March 21, 2023

Ignorance is bliss: Fewer and fewer South Koreans study the North

What we lose when there are fewer people studying the enemy is something computers can’t replace

When faced with a rather mysterious and illusive enemy, an enemy full of paradoxes as wonderful as they were dumbfounding, the American Office of War Information commissioned Ruth Benedict to write a study on them. The year was 1946, the enemy was the Japanese, and the book was The Chrysanthemum and the Sword.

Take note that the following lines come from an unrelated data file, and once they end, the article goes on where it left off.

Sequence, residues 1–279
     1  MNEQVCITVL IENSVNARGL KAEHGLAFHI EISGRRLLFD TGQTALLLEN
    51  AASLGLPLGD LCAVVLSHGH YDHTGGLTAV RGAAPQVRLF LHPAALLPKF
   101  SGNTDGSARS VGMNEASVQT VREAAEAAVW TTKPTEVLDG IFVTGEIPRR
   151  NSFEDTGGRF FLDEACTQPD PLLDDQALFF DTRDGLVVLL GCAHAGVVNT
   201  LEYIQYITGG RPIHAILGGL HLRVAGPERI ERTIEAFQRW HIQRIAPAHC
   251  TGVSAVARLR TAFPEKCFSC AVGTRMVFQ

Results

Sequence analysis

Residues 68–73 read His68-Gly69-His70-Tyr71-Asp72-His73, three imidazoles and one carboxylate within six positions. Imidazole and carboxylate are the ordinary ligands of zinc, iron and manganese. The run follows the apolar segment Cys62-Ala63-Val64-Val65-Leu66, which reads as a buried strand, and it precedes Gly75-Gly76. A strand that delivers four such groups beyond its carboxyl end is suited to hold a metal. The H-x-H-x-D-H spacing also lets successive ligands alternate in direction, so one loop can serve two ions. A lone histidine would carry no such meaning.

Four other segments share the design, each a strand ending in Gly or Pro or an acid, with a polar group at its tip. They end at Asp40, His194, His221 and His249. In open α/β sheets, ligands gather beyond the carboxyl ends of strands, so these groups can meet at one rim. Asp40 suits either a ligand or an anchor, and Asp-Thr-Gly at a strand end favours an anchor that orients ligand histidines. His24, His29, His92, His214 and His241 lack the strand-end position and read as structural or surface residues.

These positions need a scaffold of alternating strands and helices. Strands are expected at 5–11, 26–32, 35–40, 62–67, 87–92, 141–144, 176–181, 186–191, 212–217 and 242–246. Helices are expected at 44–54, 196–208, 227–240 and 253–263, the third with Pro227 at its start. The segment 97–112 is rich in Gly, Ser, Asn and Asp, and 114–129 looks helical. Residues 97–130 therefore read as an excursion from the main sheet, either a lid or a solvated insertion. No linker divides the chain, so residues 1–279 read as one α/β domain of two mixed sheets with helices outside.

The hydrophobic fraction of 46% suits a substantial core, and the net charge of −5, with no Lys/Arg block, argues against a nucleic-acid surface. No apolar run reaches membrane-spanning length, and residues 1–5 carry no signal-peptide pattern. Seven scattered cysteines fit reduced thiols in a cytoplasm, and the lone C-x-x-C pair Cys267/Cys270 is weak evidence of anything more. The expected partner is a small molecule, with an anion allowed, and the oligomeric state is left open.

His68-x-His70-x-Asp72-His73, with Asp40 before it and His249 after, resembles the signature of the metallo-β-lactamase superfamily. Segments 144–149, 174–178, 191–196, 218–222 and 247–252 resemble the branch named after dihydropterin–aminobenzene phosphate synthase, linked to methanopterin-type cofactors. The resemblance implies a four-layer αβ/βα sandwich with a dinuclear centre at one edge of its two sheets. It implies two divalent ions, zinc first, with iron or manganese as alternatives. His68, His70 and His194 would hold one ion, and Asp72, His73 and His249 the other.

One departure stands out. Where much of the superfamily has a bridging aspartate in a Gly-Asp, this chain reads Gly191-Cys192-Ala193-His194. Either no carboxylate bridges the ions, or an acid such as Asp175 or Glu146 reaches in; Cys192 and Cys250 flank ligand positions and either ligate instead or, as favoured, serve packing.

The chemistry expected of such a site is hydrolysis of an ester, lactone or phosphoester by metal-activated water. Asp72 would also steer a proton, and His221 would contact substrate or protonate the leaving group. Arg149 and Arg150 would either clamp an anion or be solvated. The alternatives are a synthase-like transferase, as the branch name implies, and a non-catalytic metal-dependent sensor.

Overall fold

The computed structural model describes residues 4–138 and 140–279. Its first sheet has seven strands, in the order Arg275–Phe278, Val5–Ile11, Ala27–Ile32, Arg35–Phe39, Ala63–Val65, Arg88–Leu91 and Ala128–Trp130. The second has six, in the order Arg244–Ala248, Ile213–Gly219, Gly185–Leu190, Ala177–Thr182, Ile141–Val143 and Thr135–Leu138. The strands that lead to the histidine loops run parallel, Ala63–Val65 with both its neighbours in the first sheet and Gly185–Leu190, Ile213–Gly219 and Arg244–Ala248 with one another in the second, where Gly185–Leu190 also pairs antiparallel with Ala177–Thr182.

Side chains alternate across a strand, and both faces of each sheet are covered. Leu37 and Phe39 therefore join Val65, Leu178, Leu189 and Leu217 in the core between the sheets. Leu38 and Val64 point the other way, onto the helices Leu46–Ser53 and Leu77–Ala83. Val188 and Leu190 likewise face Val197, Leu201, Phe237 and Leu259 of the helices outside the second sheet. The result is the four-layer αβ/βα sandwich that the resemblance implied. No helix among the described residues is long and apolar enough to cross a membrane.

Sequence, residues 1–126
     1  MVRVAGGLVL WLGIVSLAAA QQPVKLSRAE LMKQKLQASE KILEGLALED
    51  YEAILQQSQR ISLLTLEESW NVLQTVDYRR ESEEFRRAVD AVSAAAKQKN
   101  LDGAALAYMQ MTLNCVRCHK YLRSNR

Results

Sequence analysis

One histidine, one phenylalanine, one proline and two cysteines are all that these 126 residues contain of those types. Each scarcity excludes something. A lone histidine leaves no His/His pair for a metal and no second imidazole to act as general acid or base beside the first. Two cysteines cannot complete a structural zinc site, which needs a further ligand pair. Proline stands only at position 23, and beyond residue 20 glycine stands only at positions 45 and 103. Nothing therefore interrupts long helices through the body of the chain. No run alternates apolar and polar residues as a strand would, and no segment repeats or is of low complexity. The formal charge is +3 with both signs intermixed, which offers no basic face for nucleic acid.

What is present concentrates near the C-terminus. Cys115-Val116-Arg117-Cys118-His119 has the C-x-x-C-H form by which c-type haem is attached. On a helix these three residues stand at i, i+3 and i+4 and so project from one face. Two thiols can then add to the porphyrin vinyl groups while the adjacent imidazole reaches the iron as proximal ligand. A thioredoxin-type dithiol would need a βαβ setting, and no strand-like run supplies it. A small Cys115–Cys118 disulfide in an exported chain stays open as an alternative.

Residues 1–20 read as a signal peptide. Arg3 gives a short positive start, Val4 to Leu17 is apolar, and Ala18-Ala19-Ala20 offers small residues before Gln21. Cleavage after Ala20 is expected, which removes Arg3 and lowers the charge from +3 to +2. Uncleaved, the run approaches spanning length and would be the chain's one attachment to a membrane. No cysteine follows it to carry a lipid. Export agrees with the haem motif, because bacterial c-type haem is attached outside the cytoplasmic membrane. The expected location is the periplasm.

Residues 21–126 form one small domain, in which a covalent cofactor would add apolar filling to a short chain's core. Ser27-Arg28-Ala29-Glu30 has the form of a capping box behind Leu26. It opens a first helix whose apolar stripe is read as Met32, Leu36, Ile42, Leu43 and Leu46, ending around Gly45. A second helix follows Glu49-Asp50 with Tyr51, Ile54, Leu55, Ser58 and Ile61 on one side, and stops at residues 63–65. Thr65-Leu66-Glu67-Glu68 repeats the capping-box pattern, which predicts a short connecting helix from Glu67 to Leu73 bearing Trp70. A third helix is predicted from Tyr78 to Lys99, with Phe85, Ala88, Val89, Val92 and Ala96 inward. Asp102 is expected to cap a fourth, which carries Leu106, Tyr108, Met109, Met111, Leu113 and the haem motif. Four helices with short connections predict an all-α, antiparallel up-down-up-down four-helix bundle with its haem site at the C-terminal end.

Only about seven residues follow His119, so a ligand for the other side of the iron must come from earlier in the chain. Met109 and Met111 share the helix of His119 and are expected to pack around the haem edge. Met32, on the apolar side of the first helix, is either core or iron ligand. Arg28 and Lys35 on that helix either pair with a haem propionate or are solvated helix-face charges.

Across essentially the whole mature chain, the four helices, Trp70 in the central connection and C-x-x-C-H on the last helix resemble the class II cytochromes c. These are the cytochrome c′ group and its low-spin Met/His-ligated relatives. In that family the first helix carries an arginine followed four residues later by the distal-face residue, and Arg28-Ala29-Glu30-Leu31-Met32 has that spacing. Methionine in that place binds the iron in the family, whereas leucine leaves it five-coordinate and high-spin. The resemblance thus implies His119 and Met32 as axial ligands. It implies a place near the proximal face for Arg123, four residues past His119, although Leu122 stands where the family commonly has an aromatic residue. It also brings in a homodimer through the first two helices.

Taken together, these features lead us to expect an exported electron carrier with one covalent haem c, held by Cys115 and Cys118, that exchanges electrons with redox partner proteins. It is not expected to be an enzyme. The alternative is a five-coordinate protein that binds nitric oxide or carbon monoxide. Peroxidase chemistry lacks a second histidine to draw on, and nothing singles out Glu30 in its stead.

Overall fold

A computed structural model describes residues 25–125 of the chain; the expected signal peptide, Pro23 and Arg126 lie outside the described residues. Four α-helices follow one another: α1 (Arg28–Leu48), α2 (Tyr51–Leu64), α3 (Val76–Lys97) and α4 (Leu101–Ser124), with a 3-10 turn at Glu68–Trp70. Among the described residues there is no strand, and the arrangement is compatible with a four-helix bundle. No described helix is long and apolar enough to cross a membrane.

Much has been said and written about that book in the decades since. And much like the perplexing concepts it dealt with, the study has been lauded as widely as it has been derided. Some have even gone so far as to say that all writings in the field of anthropology and the social sciences since have merely been footnotes to that original 1946 work. The Chrysanthemum and the Sword has been the subject of so much discussion since its initial publication because at its heart is a simple concept: It’s a human talking about other humans, and humans like to talk about this.